What would you do if you caught your man-sausage in your zipper at work, then had to race to the hospital where a sleep deprived, homeless looking doctor tried putting it back together with what looks like fishing trawler rope? Or what about having someone try to ram a full twelve inch, burning hot pizza up your nose while you’re driving a car at speed? 

Maybe you too have suffered an unsolicited winky appearing into your toilet stall while you go ‘boom boom’, and then had to batter it away with the nearest heavy blunt instrument you could find. Or perhaps you've watched a bored Highlander tear apart a designer sofa with a chainsaw in the middle of an executive charity ball evening? 

If not, then this collection of tales from over 23 years of working as a club and bar bouncer could tickle your proverbial fancy. Join Scott Taylor as he shines a light on the funnier side of the late night industry and his life around it, and brings you a collection of stories that are sure to either bring a smile to your miserable face, or at the very least bring back up your cheap supermarket lunch all over your stupid designer skinny fit t-shirt.

Of course, the book itself is a significant achievement on its own terms. In Knuckle Dragger, Scott Taylor distills 20 odd years of a life spent 'on the doors' in Scotland's urban jungle into a bitingly funny and sharply observant account that will have your jaw on the floor, your sphincters tensing uncomfortably and your accessory muscles rupturing - and quite possibly bleeding. I had the rare privilege of reading several early drafts of Taylor's work and there was comedic brilliance in it from the get go. He has stuck to his guns and refined the narrative into something special. It is at once, slick and polished but it is an inviting read - if you are one for whom little shocks you. There's a warmth and affection in the way Taylor portrays certain characters, while others for whom he has less affection for, he lavishes with an even greater spread of comedic take down. 

Scott Taylor & "friend".

Taylor's approach in recounting these grand, salubrious and often shocking tales is full of enthusiasm and wit but it is his tome that elevates Knuckle Dragger above the level of the front bar stories told over generous pints. Imagine, if you will, the love child of Noel Coward and Randall "Tex" Cobb combined with the verbose tones of a Frank Thring. Knuckle Dragger has a particular kind of poetry in it's observations of the night time world. 

Scott Taylor is the host of the globally popular DHB Radio Show and a 20 year veteran in the security industry. 

Visit Scott Taylor here.

Purchase Knuckle Dragger here

Listen to the DHB Radio Show here.


Monday, July 6, 2015

Nothing Can Be Taken From The Death Of Phil Walsh. Except...

The city of Adelaide was thrust into a collective shock over the weekend, following the murder of AFL Adelaide Crows coach Phil Walsh, by his own son. 

Acres of page space and swathes of internet bandwidth has been taken up with the reporting of this tragic event so, for the sake of brevity, I won't reproduce the story in full here. A quick Google Search will yield all you need to know about the event and the circumstances of the murder.

In the collective grief that has followed, I have conversed with many people who are trying to come to grips with this heinous act. Clearly it is one in which many can't - and justifiably so. Here we have a son, coming home in the early hours of a Friday morning and, following a domestic dispute, has fatally knifed his own father. It is an unforgivable act. One which he will be tried and judged for.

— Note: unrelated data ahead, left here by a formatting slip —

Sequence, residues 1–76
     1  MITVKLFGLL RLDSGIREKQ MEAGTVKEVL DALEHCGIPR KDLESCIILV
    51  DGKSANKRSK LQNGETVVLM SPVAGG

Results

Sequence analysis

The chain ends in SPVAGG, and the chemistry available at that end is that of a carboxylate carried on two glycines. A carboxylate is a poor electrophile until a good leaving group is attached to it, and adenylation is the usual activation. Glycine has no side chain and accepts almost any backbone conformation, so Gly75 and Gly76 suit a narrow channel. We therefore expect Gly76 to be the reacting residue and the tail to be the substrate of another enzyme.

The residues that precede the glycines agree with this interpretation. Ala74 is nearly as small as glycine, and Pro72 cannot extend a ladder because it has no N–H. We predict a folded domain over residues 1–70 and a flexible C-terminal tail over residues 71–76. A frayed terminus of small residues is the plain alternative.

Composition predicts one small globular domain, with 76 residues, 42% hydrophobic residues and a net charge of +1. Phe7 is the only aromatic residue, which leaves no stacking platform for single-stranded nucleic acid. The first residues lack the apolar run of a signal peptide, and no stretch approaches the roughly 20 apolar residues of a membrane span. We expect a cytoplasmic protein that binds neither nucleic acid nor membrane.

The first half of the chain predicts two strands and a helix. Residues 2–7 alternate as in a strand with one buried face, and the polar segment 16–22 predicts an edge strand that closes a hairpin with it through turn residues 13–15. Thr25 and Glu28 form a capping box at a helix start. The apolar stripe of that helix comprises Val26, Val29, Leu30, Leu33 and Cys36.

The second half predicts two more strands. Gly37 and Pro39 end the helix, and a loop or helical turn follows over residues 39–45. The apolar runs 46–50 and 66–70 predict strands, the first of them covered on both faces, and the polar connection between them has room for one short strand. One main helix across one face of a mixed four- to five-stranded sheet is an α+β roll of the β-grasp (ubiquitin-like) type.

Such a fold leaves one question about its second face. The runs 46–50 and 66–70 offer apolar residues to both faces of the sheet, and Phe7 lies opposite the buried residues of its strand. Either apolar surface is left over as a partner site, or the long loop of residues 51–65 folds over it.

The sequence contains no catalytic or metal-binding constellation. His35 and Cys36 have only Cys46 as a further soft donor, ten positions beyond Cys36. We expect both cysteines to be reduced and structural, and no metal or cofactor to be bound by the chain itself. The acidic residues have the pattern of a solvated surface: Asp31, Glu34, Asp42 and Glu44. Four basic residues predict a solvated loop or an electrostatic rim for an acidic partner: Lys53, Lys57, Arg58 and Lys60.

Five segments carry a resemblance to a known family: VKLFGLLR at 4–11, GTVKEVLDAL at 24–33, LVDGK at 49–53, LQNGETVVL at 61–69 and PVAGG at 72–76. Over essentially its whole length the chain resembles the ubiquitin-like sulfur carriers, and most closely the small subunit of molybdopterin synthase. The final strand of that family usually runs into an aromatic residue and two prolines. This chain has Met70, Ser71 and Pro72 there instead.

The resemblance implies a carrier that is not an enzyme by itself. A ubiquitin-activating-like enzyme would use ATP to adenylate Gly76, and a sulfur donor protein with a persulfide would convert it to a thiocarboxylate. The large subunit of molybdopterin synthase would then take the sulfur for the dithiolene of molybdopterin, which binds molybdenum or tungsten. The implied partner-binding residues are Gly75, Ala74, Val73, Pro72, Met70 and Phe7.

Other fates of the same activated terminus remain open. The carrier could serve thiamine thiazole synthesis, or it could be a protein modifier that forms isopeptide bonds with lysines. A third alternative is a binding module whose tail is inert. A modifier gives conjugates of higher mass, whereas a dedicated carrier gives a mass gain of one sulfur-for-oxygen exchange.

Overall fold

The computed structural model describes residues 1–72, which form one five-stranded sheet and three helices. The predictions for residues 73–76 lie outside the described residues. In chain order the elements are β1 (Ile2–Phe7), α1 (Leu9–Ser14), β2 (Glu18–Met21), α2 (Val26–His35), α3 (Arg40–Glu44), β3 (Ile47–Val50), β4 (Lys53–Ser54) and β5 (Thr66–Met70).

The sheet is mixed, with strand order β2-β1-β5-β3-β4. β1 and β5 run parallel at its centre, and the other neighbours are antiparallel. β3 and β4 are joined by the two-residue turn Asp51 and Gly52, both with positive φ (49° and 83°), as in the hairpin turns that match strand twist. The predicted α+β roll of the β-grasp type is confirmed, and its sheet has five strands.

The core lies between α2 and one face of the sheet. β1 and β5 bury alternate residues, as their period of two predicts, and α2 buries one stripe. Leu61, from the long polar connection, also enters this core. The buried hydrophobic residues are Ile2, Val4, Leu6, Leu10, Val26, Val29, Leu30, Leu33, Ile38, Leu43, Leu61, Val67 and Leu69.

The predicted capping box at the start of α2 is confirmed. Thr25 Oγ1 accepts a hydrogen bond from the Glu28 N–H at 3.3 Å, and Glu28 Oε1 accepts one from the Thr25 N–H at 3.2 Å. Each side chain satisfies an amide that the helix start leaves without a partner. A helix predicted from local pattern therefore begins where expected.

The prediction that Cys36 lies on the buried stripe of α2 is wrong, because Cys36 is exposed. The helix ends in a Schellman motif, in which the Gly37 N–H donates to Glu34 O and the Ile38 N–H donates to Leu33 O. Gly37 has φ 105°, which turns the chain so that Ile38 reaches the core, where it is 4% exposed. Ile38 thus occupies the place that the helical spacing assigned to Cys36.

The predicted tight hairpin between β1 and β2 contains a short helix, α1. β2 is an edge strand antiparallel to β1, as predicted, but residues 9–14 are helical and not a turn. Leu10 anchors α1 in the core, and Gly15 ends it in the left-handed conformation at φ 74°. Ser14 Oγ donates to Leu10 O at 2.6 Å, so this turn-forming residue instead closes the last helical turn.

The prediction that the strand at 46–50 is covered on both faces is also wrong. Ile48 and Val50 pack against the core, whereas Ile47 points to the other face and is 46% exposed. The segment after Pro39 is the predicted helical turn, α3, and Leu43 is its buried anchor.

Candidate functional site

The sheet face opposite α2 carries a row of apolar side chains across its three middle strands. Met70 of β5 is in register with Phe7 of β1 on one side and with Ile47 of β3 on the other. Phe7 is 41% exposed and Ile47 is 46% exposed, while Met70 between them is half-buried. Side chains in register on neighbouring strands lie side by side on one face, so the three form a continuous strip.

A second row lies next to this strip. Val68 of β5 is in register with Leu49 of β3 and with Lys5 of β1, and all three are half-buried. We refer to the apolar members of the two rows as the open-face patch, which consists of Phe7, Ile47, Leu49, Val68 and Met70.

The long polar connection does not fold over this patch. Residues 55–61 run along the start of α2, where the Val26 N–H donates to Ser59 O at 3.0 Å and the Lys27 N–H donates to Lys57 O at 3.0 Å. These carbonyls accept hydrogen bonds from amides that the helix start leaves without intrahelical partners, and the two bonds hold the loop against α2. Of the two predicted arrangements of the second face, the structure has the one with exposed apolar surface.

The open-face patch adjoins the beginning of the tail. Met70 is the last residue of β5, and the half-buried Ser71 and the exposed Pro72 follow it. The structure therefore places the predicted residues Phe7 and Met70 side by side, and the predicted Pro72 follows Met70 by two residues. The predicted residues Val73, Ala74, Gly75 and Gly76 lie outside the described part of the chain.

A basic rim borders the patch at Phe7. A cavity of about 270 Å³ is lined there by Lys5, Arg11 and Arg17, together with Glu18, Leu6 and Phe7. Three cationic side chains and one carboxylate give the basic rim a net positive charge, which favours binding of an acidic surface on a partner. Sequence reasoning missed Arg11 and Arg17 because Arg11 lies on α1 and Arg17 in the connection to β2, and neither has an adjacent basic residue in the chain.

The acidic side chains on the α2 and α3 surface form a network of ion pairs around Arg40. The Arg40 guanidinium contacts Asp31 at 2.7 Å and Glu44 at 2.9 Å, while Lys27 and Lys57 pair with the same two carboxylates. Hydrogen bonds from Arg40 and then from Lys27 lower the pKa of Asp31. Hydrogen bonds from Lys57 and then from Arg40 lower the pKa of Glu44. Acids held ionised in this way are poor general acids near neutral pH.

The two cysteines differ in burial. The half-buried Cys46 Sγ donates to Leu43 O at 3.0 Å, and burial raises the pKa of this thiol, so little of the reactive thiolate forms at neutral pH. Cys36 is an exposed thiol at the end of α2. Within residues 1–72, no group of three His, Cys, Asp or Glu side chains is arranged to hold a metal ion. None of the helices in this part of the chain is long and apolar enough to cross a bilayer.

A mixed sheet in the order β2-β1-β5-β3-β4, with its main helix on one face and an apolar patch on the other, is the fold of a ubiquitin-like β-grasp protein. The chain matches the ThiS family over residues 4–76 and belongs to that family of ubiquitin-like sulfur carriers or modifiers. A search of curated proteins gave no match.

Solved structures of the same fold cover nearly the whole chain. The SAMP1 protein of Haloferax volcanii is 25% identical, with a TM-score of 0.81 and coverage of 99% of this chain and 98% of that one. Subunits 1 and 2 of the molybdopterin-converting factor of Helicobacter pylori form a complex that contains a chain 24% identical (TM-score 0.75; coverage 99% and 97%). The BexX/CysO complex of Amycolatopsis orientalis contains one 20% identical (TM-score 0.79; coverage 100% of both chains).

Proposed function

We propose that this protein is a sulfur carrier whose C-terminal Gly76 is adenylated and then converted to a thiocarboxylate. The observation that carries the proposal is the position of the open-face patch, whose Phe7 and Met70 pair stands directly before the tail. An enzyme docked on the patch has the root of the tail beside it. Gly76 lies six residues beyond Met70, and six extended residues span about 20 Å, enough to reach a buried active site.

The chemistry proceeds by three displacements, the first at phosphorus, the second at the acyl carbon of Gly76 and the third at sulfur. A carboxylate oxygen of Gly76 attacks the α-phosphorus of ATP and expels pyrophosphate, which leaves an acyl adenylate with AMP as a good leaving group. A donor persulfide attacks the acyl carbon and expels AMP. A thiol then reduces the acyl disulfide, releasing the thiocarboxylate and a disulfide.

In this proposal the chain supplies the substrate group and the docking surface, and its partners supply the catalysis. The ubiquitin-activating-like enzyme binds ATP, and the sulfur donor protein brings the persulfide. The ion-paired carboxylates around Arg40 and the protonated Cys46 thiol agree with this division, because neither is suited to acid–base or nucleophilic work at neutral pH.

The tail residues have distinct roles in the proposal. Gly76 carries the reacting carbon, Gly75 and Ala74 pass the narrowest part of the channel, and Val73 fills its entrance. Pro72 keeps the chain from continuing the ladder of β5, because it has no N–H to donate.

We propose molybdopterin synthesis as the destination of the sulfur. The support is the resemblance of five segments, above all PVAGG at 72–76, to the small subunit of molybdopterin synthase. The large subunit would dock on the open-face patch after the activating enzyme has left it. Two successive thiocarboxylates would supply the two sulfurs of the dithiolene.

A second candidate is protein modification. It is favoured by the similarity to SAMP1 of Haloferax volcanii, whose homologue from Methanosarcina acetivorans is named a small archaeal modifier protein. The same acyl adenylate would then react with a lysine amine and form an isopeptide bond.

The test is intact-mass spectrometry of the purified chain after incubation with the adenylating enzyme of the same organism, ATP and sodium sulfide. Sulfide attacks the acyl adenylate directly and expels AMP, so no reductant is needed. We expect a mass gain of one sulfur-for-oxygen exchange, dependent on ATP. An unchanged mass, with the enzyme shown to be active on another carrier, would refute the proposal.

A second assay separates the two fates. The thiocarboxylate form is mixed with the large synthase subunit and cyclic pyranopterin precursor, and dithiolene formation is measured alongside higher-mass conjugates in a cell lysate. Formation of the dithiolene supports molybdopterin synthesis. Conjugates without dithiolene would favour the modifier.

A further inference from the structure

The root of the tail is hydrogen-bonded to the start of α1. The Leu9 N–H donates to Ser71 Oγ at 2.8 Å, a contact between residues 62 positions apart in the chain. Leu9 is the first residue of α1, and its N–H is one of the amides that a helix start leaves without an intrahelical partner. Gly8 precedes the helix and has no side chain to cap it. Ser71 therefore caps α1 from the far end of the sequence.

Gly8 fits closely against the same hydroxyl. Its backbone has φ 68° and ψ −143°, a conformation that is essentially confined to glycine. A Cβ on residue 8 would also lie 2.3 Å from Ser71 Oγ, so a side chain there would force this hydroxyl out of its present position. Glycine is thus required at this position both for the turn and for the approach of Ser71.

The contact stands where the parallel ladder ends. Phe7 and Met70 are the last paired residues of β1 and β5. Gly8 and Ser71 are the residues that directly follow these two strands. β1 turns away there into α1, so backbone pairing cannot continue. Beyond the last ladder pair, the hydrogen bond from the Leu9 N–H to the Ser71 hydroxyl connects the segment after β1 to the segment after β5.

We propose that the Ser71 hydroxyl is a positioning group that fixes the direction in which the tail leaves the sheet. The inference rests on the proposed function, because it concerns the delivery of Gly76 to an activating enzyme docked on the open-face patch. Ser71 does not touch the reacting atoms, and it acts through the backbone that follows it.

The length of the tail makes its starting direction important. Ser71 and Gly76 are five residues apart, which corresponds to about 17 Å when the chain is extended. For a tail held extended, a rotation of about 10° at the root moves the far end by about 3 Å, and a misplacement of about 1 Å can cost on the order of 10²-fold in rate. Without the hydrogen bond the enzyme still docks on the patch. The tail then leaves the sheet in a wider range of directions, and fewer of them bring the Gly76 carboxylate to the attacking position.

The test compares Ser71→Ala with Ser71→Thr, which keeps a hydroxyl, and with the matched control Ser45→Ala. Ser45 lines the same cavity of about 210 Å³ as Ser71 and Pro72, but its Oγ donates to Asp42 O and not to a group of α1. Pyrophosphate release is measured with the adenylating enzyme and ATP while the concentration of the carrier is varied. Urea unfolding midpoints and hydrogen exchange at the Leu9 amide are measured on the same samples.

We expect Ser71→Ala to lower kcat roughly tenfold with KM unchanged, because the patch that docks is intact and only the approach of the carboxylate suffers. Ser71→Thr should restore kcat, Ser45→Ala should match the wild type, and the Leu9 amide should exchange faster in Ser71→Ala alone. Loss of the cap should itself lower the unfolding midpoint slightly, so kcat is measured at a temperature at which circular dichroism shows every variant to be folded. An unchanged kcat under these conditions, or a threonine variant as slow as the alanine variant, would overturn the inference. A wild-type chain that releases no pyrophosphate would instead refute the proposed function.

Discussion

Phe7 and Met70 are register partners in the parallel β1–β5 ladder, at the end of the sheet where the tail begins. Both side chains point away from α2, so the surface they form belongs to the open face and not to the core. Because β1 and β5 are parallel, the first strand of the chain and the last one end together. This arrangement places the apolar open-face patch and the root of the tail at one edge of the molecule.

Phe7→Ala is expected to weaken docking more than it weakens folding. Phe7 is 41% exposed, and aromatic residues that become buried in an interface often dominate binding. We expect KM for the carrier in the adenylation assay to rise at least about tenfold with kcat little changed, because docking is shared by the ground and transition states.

The ramifications are incomprehensible. A loving father, husband and family man has been taken from this earth and his family has, in one fell swoop, been utterly destroyed. 

In the immediate aftermath, through the white noise of incessant media analysis, I myself tried to get my head around it. I happened across one newspaper article which was moving and prescient. Penned by Herald Sun columnist Mark Robinson in April 2015, that very journalist embedded himself with Phil Walsh for a period of time and produced a insightful piece on the AFL Coach - both the professional man and the private man. 

image credit: News Limited / Sarah Reed.

In it, Phil Walsh is cast as a committed football coach, brilliant tactician, father figure to many young footballers and widely respected as an astute football mind. Walsh also reflects on himself as a family man and father and he admitted that all was not well between himself and his son. I should clarify here that nothing - Nothing - can excuse the behavior and the actions of Cy Walsh, nor can Phil Walsh be blamed in any degree for those actions. 

What does become clear is that the demands of his job and his obsession with it drove a wedge between father and son that was damaging. 

"...But have I been a good father? To my son, I had a disconnect because of footy.

“I just immersed myself, got consumed and was selfish with as much time I committed to footy. I’m basically talking about my 10 years at Port Adelaide, just the desperation to win a premiership and I thought it was all about me, when it’s all about the players.

“I lost that connection and I’m trying to reconnect with my son, which I have done."

- Phil Walsh, April 2015. 

Walsh goes on to reflect on the commitment he made to re-connect with his son, to remove that wedge and it would appear that he and his son were making strides in renewing their relationship. 

Apparently, it was not to be.

On Sunday morning, I was at my own son's local footy game and I fell into a conversation with one of the other dads. Inevitably the talk turned to the events of Friday and the shocking aftermath. Terms like utterly shocking, pointless, a waste came up. And then he asked the question, "What can be taken from this?" 

I  have indeed asked myself this very same question. My eyes were inevitably drawn to my own son, out on the field. Reflecting on my own relationship with him, there have been plenty of times where I have placed other priorities ahead of that relationship - be it work commitments, writing commitments or any one of a number of other things. One can argue the merits of degrees of neglect in this but I do know that I have disappointed him and I have disappointed myself.

If anything can be taken from the tragedy of Phil Walsh's death - perhaps it will prompt fathers and sons to sit down with one another and talk...

...just talk.